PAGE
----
What is dry skin?
Dry skin is a very common condition which can occur at any age. It usually doesn’t present a serious problem but can often be associated with other medical conditions such as eczema, contact dermatitis, and psoriasis.
What causes dry skin?
The skin is made up of many different layers which forms a natural barrier to protect our body from the outside environment. To help protect the outer layer of the skin from losing water, the skin produces an oily substance called sebum. If the skin doesn’t have enough sebum, it loses water and feels dry.
Common causes of dry skin
- Excessive bathing or showering.
- Scrubbing of the skin while washing, or use of harsh soaps that dissolve the protective layer of sebum.
- Environmental conditions that increase water loss such as very hot dry weather or central heating. Frequent exposure to wind and sun can evaporate water from the skin, making the surface feel itchy and dry.
- Decreased production of sebum. This is often a factor in the elderly.
Emollients can be used to replace traditional soaps. They help to lock in moisture while still providing the same level of cleanliness. Most emollients can be used instead of soap to wash.
Emollients often need to be applied even when the skin appears to be fine. This will help to prevent future outbreaks of dry skin.
Shower gels and bath additives
Traditional shower and bath gels can cause the skin to become dry. Emollient bath and shower products will help lock in the moisture, however such preparations have no advantages over emollients.
Paraffin-based emollients are flammable; keep them away from lights and flames.
The NHS Birmingham in and Solihull does not support the prescribing of emollients (moisturisers) for dry skin. Self-care items such as moisturising creams, gels, bath oils, shower gel, ointments and balms for dry skin should be purchased from your local pharmacy or supermarket.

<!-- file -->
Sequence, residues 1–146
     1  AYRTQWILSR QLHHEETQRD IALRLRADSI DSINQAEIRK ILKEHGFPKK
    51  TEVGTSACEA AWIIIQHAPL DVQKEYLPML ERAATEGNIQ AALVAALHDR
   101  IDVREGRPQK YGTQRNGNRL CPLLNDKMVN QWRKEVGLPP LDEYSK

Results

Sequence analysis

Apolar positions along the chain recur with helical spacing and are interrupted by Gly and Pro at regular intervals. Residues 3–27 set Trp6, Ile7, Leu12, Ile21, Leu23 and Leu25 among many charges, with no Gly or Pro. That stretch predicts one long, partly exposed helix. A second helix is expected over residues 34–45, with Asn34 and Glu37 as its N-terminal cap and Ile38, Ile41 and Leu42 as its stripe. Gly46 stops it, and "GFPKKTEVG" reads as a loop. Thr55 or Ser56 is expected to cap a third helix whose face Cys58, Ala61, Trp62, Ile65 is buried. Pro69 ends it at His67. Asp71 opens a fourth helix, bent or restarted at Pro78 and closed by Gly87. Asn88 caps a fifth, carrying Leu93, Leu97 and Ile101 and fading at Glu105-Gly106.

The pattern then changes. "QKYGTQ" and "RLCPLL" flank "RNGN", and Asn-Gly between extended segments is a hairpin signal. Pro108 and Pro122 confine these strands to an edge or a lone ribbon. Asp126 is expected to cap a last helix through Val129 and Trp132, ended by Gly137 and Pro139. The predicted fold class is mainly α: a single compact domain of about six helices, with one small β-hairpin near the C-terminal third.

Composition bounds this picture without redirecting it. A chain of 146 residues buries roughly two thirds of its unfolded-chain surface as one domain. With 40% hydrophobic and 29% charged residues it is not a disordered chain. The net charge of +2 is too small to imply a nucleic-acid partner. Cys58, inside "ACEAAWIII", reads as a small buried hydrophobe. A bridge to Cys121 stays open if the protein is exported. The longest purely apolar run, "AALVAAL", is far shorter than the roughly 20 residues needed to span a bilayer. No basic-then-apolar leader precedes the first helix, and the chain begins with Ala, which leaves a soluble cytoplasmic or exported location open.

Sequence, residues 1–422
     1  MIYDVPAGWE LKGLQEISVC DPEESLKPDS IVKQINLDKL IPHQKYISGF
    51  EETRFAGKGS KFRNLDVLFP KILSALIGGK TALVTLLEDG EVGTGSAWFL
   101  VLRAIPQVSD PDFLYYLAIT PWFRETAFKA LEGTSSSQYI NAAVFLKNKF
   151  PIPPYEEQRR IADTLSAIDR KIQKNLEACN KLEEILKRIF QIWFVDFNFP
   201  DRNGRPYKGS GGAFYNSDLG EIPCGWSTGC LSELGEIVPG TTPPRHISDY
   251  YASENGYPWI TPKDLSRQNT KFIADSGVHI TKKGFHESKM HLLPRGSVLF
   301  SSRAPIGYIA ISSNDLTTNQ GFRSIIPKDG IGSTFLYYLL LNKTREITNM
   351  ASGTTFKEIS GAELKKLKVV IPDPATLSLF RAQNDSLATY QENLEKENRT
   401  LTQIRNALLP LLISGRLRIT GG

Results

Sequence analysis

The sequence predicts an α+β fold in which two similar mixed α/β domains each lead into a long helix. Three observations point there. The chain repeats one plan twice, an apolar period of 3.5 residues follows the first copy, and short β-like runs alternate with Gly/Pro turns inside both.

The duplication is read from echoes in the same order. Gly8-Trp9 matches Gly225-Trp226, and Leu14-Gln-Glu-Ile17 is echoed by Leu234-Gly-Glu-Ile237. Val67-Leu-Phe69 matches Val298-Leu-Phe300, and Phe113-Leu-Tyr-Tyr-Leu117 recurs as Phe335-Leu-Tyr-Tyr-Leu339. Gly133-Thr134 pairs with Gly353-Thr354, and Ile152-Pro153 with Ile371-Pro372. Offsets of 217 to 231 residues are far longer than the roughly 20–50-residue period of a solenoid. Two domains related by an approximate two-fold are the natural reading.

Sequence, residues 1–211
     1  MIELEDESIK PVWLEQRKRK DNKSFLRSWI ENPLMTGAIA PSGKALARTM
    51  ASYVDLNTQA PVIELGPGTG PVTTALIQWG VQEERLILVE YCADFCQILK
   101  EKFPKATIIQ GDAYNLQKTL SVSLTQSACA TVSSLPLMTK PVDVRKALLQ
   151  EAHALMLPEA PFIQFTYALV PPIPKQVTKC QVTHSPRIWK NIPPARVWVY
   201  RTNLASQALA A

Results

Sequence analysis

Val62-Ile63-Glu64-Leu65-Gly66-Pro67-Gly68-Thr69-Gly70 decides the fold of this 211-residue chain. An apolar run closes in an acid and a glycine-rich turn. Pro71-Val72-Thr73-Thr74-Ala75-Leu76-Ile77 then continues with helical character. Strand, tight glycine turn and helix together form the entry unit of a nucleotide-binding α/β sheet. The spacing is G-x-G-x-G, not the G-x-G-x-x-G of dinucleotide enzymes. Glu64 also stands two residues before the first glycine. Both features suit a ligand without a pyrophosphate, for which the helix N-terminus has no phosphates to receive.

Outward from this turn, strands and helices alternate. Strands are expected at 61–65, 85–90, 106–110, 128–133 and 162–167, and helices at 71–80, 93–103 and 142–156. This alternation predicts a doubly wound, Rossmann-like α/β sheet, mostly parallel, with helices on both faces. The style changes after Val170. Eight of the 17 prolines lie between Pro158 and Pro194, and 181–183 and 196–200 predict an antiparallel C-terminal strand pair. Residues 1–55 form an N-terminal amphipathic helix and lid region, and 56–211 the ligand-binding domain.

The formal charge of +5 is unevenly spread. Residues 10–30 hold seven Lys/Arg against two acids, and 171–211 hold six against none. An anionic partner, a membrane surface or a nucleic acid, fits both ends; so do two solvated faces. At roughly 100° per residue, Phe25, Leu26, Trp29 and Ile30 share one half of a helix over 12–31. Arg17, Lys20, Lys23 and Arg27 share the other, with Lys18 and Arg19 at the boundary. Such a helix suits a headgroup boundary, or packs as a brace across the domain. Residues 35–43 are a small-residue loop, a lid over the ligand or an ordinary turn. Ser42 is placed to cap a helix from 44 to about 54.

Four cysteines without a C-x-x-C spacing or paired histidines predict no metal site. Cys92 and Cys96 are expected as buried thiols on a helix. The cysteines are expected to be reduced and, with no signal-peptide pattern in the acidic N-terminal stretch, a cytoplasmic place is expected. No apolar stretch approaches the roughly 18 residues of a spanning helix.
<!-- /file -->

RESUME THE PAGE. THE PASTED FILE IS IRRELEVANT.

You only need to visit your GP if your skin has become cracked and is weeping or bleeding or if it has become infected.
If you have been diagnosed with a long term skin condition (such as eczema/contact or dermatitis/psoriasis) and require emollients on repeat treatment on prescription, you will be prescribed treatment.
Occasionally, some people become allergic (sensitised) to an ingredient. This can make the skin inflammation worse rather than better.
If you suspect that you are sensitive to an emollient you should see your doctor for advice. There are many different types of emollients with various ingredients, so a switch to a different type will usually sort out this uncommon problem.
Ointments tend to cause fewer problems with skin sensitivity as, unlike creams, ointments usually do not contain preservatives.
You can do your bit to help by not asking your GP for emollients (moisturisers) on prescription; they can be bought elsewhere. Please play your part in helping the NHS save money. In 2018/19 we spent £2.2 million on emollients in Birmingham and Solihull. Across England, the NHS spent £49.5 million
What can you do to help prevent and treat dry skin?
- Stop smoking.
- Drink plenty of water.
- Be mindful on your environment and living conditions—dry air increases the risk of dry skin. Increasing humidity can help. This can be achieved by placing a damp towel on a warm radiator.
- Reduce the length of your baths or showers.
- Avoid harsh soaps and bubble baths.
These measures may help to reduce the dryness of the skin but further moisturising may still be required, in which case emollients (moisturisers) can be used.
There are various types of emollients which can help you to treat and prevent dry skin. These should be applied to the skin as a moisturiser. If you are not sure which product(s) are best for you speak to your local pharmacist.
Emollients can be used as a soap substitute as well as a moisturiser so there is no need to spend money on separate shower and bath products.
What is Eczema?
Eczema is an inflammatory condition that causes skin to become dry, cracked and itchy. The commonest type is atopic eczema, which may be associated with asthma and hayfever.
Although atopic eczema can affect any part of the body, it most often affects the hands, insides of the elbows, backs of the knees and the face and scalp in children.
People with atopic eczema usually have periods when symptoms are less noticeable, as well as periods when symptoms become more severe (flare-ups)
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